A nice example of substitution

rogersgeorge on July 16th, 2011

A couple posts back I wrote about the two most basic verbs in English, pointing out that some form of “do” can replace any action verb. I also said that you should avoid using the verb do itself, but here’s an example of using it that’s okay.

Our quote today, class, is from the July 2011 issue of Scientific American. This issue is particularly interesting to me—it’s the first issue I recall having a centerfold, and it’s hanging on the wall in my room. (Don’t get your hopes up, guys. It’s a poster of the Hertzsprung-Russell diagram (look it up), which turns 100 this year.)

Back to grammar. We find our quote on page 55 near the bottom:

It will be an uphill battle in a country that reveres an individual’s right to choose much more than it does science.

The verbs in the parallel construction are “reveres” and “does.” You can get up in front of the room and revere (something). This is approximately what cheerleaders do at a high school pep rally. And you can replace “does” with “reveres,” which makes the sentence end with “…than it reveres science.”  Go back and read the sentence with “reveres” in there both times. That’s exactly what the sentence is saying.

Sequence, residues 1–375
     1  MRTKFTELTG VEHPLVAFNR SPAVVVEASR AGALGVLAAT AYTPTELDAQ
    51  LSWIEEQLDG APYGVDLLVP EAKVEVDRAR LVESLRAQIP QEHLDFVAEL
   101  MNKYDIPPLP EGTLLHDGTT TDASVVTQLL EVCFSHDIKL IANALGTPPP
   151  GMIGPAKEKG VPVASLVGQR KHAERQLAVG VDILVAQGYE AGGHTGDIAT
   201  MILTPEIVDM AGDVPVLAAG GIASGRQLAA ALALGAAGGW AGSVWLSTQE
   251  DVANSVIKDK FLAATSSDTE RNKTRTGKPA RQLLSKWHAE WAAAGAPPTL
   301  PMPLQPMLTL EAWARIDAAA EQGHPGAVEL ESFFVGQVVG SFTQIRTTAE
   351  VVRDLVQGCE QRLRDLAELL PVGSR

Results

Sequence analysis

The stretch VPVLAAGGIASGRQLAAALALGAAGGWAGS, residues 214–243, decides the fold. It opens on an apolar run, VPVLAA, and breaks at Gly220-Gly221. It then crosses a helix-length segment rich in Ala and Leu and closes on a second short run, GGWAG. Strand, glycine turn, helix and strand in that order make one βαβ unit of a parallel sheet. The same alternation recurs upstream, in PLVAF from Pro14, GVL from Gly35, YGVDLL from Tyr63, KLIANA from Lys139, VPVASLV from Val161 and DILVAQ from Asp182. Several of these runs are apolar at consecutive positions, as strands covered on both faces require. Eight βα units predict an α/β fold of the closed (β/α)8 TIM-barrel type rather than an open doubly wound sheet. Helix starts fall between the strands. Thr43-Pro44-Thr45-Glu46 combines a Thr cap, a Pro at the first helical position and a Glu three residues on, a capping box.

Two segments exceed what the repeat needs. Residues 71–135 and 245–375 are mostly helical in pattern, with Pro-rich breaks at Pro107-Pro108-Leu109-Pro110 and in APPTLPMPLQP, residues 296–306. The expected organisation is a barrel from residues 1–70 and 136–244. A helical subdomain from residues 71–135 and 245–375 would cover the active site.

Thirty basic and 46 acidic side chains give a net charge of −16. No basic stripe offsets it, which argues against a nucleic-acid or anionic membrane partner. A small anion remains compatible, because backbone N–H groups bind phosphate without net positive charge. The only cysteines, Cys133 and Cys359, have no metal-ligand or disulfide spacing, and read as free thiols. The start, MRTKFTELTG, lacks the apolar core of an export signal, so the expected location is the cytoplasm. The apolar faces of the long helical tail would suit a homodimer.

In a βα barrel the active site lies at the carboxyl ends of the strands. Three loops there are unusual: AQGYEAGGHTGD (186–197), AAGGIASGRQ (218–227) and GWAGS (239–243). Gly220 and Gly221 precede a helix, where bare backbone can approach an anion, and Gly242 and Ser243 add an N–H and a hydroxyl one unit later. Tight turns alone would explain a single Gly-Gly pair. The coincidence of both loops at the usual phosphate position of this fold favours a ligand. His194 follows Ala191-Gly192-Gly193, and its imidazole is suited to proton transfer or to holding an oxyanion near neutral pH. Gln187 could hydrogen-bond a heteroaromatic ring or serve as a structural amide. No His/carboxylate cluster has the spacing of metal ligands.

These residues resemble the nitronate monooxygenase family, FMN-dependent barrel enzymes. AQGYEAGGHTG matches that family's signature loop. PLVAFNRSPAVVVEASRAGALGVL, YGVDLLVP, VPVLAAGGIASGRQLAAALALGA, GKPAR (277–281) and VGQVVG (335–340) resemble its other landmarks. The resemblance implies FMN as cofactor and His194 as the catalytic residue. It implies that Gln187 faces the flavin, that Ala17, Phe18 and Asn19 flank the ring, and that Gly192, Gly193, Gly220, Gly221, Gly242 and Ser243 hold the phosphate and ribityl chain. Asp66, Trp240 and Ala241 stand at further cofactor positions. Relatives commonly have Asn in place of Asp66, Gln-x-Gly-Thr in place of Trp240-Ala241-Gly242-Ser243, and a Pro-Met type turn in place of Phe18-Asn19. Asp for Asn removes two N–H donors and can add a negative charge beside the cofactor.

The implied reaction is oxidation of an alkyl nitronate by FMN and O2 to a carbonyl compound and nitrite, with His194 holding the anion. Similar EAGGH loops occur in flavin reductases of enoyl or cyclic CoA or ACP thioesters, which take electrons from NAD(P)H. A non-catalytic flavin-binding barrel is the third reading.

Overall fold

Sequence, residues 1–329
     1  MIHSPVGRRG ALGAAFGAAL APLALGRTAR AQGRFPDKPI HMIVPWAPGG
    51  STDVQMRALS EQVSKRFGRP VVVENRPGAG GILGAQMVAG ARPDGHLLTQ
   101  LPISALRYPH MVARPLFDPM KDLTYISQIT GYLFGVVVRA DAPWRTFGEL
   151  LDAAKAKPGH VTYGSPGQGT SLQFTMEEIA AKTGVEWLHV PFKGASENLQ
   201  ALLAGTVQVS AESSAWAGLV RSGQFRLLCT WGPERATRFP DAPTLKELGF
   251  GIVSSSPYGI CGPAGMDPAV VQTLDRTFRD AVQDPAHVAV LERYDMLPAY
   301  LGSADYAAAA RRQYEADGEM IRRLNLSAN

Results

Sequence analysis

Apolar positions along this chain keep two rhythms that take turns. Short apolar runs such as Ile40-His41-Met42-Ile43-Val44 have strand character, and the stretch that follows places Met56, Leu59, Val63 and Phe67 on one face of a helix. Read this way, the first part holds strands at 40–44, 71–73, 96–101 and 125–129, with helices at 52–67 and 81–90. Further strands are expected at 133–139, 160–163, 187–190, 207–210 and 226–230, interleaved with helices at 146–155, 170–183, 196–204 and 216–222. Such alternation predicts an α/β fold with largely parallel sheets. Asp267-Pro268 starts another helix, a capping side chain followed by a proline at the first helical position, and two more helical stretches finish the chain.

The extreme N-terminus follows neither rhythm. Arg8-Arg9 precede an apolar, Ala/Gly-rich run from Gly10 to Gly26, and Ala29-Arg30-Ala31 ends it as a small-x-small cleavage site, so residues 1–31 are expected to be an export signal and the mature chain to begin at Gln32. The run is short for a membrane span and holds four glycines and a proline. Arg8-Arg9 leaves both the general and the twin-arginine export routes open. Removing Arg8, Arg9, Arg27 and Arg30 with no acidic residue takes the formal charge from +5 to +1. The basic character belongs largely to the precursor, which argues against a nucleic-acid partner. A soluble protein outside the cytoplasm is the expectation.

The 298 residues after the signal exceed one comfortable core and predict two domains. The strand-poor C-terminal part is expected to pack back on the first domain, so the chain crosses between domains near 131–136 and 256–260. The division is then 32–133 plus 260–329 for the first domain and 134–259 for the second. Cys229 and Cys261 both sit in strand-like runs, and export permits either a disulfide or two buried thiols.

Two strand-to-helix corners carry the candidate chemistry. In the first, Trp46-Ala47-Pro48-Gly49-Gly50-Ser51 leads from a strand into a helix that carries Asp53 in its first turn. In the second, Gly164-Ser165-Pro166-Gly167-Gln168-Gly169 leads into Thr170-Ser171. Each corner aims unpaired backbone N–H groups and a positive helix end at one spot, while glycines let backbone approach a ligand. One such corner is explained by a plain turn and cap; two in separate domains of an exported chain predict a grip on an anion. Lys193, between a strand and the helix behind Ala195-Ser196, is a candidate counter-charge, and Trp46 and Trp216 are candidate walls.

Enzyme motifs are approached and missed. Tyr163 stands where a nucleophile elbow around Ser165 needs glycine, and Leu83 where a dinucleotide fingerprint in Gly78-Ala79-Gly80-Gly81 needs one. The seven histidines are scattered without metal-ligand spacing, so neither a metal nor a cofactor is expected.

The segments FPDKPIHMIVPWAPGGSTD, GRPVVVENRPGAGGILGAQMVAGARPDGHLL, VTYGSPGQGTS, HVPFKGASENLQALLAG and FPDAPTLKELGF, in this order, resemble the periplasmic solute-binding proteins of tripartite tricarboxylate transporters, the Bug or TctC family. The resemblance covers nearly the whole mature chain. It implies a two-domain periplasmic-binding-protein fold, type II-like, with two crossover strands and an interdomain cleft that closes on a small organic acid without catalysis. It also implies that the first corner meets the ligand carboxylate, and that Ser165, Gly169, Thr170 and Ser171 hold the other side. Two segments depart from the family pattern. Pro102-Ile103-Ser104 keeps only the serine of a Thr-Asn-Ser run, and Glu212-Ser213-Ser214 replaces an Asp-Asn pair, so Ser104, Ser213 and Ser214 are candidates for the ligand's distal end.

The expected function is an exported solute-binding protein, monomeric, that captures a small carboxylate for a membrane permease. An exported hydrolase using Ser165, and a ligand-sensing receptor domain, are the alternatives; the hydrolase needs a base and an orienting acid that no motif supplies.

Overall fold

Why did the writer (Sharon Begley, a top-notch science writer) not use the more specific verb in the second part of the parallelism? In English we usually consider it poor form to repeat a word. Repeating something exactly without enough distance between the repeated words feels patronizing. The writer didn’t want to patronize her readers (after all, this is a Scientific American article), so she let the reader figure out what she was saying.

I really am trying to include a picture in every post; I admit this is a stretch, though I suppose if Ms. Begley made it into The Simpsons, she has to be good, right? Can you find the goofs in Bart's writing?

Finally, I must issue a warning. In technical writing, use the more specific verb both times. Yes, it’s not as smooth, but it removes ambiguity, the bane of technical writing. In tech writing, you want to leave absolutely no question about your meaning, and you may sacrifice smoothness to do so. Take our example sentence. The words “…does science” is a construction you sometimes see, “do science, doing science, to do science.” That is definitely not the meaning in our example sentence.

Next post: I might have some more grammar humor.

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